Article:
5.16  Carbon dioxide emissions from new development should be reduced by sustainable use of energy in accordance with the Mayor’s energy hierarchy. The first step in the hierarchy, to reduce energy demand, should be met through adopting sustainable design principles outlined in Policy 5.3. The second step, to supply energy efficiently, should be met by prioritising decentralised energy, as outlined in Policies 5.5 and 5.6. The third step, to use renewable energy, is outlined in Policy 5.7.

5.17  Over time both the Mayor and the Government expect all new development will be zero carbon. The Government has expressed the aim that all new homes should be zero carbon by 2016 and new non-domestic buildings should be zero carbon by 2019. This will result in a significant step change in the national Building Regulations (Part L) in terms of the minimum improvements over the Target Emission Rate (TER)[1] for new development.

5.18  The targets set out in Policy 5.2 are minimum improvements over the TER for London as advances are made towards zero carbon development. This approach conforms to the Government’s Code for Sustainable Homes (CSH), which outlines targeted improvements, as individual code levels for residential buildings, towards the achievement of zero carbon housing.

5.19  The targets for 2010 to 2013 in Policy 5.2 are equivalent to the energy requirements for code level 4 of the CSH for residential buildings.  These targets are informed by the observed performance of new development since the London Plan was first published in 2004, and have been established as achievable and suitable for London. The GLA’s most recent monitoring information[2] shows that on average development proposals approved by the Mayor since September 2007 have achieved typical savings between of 30 and 40 per cent above Building Regulation requirements, with about a quarter of applications meeting or exceeding 40 per cent savings.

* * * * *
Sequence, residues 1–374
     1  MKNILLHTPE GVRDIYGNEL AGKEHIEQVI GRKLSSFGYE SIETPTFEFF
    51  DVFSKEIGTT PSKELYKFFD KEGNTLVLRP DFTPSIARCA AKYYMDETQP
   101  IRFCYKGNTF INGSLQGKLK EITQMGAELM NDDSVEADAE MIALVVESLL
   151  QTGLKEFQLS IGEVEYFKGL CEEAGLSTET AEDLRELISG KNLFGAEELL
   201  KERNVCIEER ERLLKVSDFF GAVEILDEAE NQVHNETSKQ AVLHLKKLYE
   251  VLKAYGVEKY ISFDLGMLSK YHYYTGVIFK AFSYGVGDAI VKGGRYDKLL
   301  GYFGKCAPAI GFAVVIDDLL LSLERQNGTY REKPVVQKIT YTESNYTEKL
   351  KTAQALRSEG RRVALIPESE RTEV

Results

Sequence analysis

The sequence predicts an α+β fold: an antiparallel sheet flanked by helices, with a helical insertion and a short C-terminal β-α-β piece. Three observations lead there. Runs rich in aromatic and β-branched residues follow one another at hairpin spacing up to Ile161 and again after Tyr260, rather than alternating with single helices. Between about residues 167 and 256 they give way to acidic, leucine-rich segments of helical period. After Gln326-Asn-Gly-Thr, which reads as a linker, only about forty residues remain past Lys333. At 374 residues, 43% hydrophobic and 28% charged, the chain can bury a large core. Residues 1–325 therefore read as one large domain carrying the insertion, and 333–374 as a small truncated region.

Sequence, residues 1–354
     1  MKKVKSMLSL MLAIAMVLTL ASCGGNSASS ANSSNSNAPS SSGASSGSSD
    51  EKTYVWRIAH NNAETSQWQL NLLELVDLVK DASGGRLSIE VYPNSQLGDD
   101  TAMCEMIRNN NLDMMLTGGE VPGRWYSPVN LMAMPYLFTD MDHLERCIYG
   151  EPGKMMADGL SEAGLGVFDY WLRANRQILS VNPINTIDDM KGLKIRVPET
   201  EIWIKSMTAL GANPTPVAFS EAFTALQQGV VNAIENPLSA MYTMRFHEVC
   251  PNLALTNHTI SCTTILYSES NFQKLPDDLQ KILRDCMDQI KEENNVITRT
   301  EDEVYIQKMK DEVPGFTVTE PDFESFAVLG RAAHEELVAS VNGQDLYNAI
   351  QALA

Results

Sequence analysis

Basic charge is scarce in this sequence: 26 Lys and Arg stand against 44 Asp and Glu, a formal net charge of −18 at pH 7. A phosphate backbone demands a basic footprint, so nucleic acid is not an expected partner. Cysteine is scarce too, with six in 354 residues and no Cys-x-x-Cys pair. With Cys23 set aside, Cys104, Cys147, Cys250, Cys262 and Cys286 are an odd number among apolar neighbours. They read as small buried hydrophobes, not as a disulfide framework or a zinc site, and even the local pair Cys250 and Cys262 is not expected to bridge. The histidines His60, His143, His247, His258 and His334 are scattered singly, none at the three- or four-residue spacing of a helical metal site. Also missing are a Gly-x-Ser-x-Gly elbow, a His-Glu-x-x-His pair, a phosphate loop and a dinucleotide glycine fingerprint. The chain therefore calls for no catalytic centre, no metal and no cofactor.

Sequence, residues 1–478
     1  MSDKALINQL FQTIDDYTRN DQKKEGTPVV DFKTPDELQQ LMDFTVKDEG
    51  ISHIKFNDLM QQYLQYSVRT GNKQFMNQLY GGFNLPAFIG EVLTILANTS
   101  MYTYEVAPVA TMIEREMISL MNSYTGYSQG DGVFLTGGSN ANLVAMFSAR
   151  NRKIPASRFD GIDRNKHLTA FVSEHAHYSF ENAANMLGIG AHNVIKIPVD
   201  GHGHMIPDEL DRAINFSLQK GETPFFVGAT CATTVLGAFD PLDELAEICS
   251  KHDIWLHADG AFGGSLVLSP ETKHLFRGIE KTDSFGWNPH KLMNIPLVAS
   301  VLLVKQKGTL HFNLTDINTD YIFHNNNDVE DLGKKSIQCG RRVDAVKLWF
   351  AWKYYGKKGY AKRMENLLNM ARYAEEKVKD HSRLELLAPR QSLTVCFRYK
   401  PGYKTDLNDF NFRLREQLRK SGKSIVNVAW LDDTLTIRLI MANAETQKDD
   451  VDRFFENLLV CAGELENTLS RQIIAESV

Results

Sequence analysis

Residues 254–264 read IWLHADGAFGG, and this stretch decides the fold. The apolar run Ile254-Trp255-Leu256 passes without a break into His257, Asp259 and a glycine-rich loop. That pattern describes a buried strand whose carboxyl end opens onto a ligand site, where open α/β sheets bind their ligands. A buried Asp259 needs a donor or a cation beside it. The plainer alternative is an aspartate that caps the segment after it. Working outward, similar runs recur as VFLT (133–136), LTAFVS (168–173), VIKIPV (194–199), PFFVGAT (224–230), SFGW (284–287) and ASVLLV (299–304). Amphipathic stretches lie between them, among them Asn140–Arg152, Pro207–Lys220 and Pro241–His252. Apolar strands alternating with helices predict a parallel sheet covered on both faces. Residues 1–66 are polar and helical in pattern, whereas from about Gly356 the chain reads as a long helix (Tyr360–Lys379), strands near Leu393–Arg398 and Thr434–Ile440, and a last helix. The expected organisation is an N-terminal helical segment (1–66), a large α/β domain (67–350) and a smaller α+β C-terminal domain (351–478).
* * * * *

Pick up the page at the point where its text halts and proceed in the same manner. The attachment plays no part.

5.20  The targets outlined apply to all major development proposals. The highest level of carbon dioxide emissions reduction will be sought in every proposal, and the Mayor will actively encourage zero carbon development where appropriate. Overall carbon dioxide emissions reductions should reflect the context of each proposal, taking account of its size, nature, location, accessibility and expected operation. The targets will be used by the Mayor in the consideration of proposals that come before him for determination and to guide the development of proposals within opportunity and intensification areas as well as for monitoring purposes. They may also influence proposals falling within the ambit of the wider GLA Group. At borough level, the steeper trajectory towards meeting the Government’s target of zero carbon residential development by 2016 and non-domestic buildings by 2019 should be sought from major developments taking account of such factors as ease and practicability of connection to existing networks, context, size, nature, location, accessibility and expected operation.